“I was cool before cool was invented,” he said as he stood where he thought first base should be, and where it clearly wasn’t. He let out another deep sigh, this one more from remembering than anything else.

DSCN2728Wendell looked back at the dugout, then back to where he stood. “First base should be right around here,” he said and stepped through the knee high weeds and grass. For a few moments he thought the bases had been pulled up the last time the field had been used. It made sense—they weren’t cheap if you bought the good ones and all the accessories that go with anchoring them in the ground. A couple hundred dollars apiece, for starters Unless they went with the throw down type that went on the ground whenever you wanted to play. They weren’t all that safe, in his opinion, but he had seen many places use them to cut back on the cost of equipment. Just as he was about to give up, Wendell saw the dirty base sticking out where weeds didn’t seem to dare to grow.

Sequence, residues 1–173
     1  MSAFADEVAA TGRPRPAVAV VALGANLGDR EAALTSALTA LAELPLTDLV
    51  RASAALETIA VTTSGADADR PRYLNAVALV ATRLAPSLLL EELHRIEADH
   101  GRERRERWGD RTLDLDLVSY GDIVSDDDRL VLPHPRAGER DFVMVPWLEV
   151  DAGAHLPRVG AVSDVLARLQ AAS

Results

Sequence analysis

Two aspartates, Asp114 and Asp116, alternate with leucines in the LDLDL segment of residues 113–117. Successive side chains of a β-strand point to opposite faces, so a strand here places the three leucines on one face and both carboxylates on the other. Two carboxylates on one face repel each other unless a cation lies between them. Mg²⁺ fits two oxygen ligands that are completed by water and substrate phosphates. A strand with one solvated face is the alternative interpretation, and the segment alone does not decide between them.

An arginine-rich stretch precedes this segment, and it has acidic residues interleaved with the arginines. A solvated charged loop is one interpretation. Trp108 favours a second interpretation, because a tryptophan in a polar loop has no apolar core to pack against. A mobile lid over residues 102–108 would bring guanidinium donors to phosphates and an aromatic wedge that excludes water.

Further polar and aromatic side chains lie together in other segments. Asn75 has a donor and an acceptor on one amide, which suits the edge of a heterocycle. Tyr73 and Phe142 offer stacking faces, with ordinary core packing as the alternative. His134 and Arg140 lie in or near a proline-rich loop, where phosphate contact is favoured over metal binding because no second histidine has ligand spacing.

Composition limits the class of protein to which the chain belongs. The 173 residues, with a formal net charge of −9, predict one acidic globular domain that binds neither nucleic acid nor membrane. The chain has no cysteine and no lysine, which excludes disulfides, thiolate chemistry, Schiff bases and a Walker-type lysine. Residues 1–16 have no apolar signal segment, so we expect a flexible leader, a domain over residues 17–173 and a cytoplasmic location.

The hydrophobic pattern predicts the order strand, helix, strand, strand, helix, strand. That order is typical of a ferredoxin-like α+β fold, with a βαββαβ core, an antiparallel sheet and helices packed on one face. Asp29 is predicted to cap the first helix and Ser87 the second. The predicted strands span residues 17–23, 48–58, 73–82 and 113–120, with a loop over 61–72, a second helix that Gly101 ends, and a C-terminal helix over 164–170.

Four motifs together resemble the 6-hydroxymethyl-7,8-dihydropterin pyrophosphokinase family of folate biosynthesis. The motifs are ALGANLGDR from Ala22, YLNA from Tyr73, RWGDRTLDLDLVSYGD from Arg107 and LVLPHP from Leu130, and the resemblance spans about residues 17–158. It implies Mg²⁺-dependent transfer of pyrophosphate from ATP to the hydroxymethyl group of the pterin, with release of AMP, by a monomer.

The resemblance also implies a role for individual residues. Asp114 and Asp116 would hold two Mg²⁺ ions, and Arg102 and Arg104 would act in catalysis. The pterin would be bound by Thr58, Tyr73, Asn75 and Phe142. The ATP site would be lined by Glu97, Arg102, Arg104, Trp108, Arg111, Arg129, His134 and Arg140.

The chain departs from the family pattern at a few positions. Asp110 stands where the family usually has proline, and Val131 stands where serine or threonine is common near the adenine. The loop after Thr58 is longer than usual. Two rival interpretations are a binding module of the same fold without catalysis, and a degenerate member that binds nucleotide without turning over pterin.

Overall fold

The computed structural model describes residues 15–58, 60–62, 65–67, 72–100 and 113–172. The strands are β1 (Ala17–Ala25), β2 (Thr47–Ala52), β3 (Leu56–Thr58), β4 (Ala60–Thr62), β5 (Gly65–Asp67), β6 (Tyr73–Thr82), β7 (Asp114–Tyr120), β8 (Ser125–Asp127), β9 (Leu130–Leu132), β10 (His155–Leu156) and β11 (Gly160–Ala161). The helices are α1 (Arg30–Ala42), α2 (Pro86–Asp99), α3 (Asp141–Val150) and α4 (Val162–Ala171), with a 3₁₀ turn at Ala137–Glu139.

Wendell toed at the bag with one foot.

“Hard as concrete,” he said.

Wendell looked back to the dugout again. He was a lot further away than he thought he would be. He turned his attention to where home plate should have been. The back stop  was on a slight slope and covered with grass and a few weeds, but not nearly as many as the infield and the outfield had. From where he stood, next to first base, there was no way the bases were the right distances apart.

To be continued …

Lost Angels and Black Birds Part 1

This piece was supposed to be a short flash fiction story, but it grew much larger as I wrote. I have divided it into parts. I hope you enjoy it. Drop me a note–I would love to hear from you.

Lost Angels and Black Birds Part 1